Trevor Laffan: Sometimes, a stranger can be a friend you haven’t met yet...

Brief encounters with strangers can often lead to friendships, so says Trevor Laffan in his weekly article
Trevor Laffan: Sometimes, a stranger can be a friend you haven’t met yet...

FRIENDS IN NEED: Trevor Laffan bonded with a fellow patient while he was undergoing prostate surgery in hospital

SOME people are good at striking up conversations with strangers.

They’ll chat away in confined spaces like elevators, waiting rooms, planes and trains, but I tend not to do that. I prefer to keep to myself.

I suspect many of us are like that, which is a pity because you never know what you’re missing out on by not making the effort.

Back in 2017, my wife and I went to Tenerife for a few weeks. We stayed in Los Christianos and found a lovely pub run by an Irish couple, Brendan and Annette, called The Devon Arms.

They were very welcoming, had a nice clientele, and did lovely pub grub, so it quickly became our local watering hole.

Brendan, the landlord, was a character and football mad. He kept a referee’s whistle and a red card behind the counter. He was an Arsenal fan and if you cheered for the wrong team or insulted one of his players, he blew his whistle, and you were sent outside. It was all in good fun.

We hadn’t seen him around the bar for a few days and when we inquired about him, Annette told us he was taking it easy because he was having treatment for prostate cancer. That came as a shock.

I discussed his ill health with another man I met in that bar called Richard Harris. He and I had only exchanged a few words previously, but we discovered we had something in common; we were both retired police sergeants. It was a brief encounter and when the holiday was over, we parted company to return to our normal lives and that was that.

The following year, 2018, I had my own brush with prostate cancer and, while I was at home recovering from the surgery, I got an email from Richard. He had read a piece I had written about my prostate saga, and he told me he was facing similar surgery.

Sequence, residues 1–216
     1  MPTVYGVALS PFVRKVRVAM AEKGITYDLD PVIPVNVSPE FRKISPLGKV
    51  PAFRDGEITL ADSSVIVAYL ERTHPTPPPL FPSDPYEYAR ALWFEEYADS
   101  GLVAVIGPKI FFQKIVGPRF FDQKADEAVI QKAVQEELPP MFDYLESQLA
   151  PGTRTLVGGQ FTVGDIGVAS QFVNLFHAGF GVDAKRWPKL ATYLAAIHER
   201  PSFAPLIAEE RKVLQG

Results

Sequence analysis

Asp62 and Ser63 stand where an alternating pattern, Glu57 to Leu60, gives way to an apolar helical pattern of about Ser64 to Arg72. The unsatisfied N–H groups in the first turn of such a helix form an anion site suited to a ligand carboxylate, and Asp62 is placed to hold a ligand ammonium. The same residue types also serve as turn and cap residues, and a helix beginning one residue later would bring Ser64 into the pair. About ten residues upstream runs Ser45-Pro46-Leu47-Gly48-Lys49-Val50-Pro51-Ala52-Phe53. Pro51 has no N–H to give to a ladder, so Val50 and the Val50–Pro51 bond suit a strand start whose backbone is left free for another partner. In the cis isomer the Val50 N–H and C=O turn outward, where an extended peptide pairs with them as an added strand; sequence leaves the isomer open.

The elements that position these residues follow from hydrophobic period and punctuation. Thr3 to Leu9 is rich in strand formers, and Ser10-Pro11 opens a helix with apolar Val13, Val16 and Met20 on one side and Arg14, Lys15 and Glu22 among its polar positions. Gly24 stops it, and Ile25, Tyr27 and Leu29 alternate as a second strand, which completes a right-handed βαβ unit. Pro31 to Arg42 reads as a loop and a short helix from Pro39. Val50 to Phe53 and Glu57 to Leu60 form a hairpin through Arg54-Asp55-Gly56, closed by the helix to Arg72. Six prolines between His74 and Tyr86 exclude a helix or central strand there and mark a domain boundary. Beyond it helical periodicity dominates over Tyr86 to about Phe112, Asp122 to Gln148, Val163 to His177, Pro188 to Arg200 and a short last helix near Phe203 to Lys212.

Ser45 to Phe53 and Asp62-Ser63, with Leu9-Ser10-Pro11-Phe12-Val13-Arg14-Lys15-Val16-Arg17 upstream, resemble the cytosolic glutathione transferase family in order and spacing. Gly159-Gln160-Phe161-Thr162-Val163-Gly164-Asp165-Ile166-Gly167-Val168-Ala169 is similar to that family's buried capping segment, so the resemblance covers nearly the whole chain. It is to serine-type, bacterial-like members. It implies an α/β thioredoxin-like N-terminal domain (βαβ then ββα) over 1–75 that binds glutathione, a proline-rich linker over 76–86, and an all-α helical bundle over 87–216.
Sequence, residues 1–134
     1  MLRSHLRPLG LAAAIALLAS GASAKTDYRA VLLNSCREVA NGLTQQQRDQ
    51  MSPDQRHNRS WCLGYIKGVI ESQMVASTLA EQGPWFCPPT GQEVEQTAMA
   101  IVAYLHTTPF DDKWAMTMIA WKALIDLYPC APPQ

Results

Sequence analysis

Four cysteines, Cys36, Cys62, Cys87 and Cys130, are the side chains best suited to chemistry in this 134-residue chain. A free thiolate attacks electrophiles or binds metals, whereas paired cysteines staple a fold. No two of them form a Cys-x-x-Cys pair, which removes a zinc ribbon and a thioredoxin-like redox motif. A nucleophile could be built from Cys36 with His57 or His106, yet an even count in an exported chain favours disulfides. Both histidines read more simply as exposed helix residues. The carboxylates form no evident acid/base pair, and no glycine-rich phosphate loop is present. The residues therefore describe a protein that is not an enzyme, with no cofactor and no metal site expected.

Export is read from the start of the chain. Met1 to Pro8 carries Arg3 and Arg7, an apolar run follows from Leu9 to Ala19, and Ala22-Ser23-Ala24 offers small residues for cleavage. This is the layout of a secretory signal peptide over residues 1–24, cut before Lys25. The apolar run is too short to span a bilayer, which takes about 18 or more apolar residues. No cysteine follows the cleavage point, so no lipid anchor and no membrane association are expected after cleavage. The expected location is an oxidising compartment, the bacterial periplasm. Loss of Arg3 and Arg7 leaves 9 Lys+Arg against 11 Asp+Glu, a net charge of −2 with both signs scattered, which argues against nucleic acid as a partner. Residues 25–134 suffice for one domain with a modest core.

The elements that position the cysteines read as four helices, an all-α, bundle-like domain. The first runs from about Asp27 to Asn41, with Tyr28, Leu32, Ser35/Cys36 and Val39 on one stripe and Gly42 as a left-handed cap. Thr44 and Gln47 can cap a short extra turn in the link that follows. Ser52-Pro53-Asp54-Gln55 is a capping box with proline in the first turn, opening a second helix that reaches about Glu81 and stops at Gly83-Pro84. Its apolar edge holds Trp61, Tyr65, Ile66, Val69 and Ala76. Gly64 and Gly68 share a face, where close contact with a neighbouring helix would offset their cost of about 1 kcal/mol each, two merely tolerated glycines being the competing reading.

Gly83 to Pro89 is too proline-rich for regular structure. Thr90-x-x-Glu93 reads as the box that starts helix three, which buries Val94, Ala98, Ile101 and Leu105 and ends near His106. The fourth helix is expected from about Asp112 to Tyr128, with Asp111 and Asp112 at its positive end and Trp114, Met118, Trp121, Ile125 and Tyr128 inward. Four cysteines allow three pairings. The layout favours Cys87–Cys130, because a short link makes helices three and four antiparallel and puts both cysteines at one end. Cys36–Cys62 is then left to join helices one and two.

We kept in touch after that, exchanging news of our highs and lows, and became what you might call modern-day pen-pals. In one of his emails, Richard gave me the sad news that Brendan from the Devon Arms had succumbed to his illness and had passed away. I was sorry to hear that, and I was surprised how much it bothered me, because we didn’t know each other well. In fact, I’m sure Brendan didn’t even remember who I was, but I still felt the loss.

Only a short time previously, the three of us were complete strangers and we only met because we were thrown together in a pub while on a holiday. Little did we know the time would come when we would also be linked through diseased prostates.

My life was certainly better for having met both of those guys, and that brief encounter with Brendan left its mark. Richard, I’m happy to report, is still doing well.

I had another experience with a stranger when I went to the Mater Hospital in Dublin for the prostate surgery. I arrived in the hospital the day before and had some pre-op checks before being sent to the ward for the night.

I was a bit apprehensive about facing into surgery the following morning, so I was happy to be alone with my thoughts.

But when I entered my room, there was a guy sitting on the other bed and he was having none of it. He hopped off the bed and marched over to me, stuck out his large hand and introduced himself as Matt Butler. He was a big man in his seventies with a firm handshake.

Matt had spent his working life in the market in Smithfield so he was a real people person and, boy, could he talk. If telling yarns was an Olympic event, I’d put serious money on Matt to take the gold medal.

He had several issues with his own health, but he didn’t let that bother him. No matter what was thrown at him, he accepted it and drove on.

Matt was a regular visitor to the hospital, so they all knew him, and he had a word for everyone. He was the life and soul of the place.

He had an interesting life and I got to hear most of it in the short time I spent with him. Even when I was stiff and sore, he had me laughing, but it is for something else that I will remember him fondly.

The day after the surgery, I was wired up to various bits and pieces and getting to the bathroom was a bit of a trial. Without going into too much detail, after one of those trips, I came back to the bed and there was blood leaking out of me.

I panicked because I didn’t know where exactly it was coming from, but I knew it shouldn’t be there. My pyjamas were a mess.

When Matt saw the state of me, he sat me in the chair while he went for a nurse. He calmed me down and offered me spare pyjamas he had in his locker. He took control of the situation which, in the cold light of day, might not seem like such a big deal, but to me, at that time, it was everything.

I wasn’t thinking clearly so he did the thinking for me, despite the fact he was unwell himself. He offered me his spare pyjamas without thinking twice, even though he could have found himself in urgent need of them at any moment. Fortunately, I had my own.

We only spent a few days in each other’s company, but we keep in touch by text and his messages always make me laugh.

Another stranger who became a friend in unusual circumstances.

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